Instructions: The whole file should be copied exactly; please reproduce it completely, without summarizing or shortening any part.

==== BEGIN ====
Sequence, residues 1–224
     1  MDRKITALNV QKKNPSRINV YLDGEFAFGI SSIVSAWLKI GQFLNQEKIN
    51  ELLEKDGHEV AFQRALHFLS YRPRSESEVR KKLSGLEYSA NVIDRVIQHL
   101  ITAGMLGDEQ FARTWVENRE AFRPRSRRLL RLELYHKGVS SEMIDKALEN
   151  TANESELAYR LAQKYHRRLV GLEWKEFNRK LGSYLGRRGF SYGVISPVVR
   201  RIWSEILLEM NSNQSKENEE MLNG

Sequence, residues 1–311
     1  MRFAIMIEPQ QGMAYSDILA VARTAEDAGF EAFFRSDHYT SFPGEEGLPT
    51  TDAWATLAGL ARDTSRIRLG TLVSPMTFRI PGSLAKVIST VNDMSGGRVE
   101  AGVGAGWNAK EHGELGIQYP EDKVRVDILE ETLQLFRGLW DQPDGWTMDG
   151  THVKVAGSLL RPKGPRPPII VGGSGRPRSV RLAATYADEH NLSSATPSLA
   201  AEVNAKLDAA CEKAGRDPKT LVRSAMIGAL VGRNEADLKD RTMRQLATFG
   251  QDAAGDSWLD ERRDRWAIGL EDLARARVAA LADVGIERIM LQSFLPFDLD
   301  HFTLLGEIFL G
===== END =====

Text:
Sequence, residues 1–224
     1  MDRKITALNV QKKNPSRINV YLDGEFAFGI SSIVSAWLKI GQFLNQEKIN
    51  ELLEKDGHEV AFQRALHFLS YRPRSESEVR KKLSGLEYSA NVIDRVIQHL
   101  ITAGMLGDEQ FARTWVENRE AFRPRSRRLL RLELYHKGVS SEMIDKALEN
   151  TANESELAYR LAQKYHRRLV GLEWKEFNRK LGSYLGRRGF SYGVISPVVR
   201  RIWSEILLEM NSNQSKENEE MLNG

Sequence, residues 1–311
     1  MRFAIMIEPQ QGMAYSDILA VARTAEDAGF EAFFRSDHYT SFPGEEGLPT
    51  TDAWATLAGL ARDTSRIRLG TLVSPMTFRI PGSLAKVIST VNDMSGGRVE
   101  AGVGAGWNAK EHGELGIQYP EDKVRVDILE ETLQLFRGLW DQPDGWTMDG
   151  THVKVAGSLL RPKGPRPPII VGGSGRPRSV RLAATYADEH NLSSATPSLA
   201  AEVNAKLDAA CEKAGRDPKT LVRSAMIGAL VGRNEADLKD RTMRQLATFG
   251  QDAAGDSWLD ERRDRWAIGL EDLARARVAA LADVGIERIM LQSFLPFDLD
   301  HFTLLGEIFL G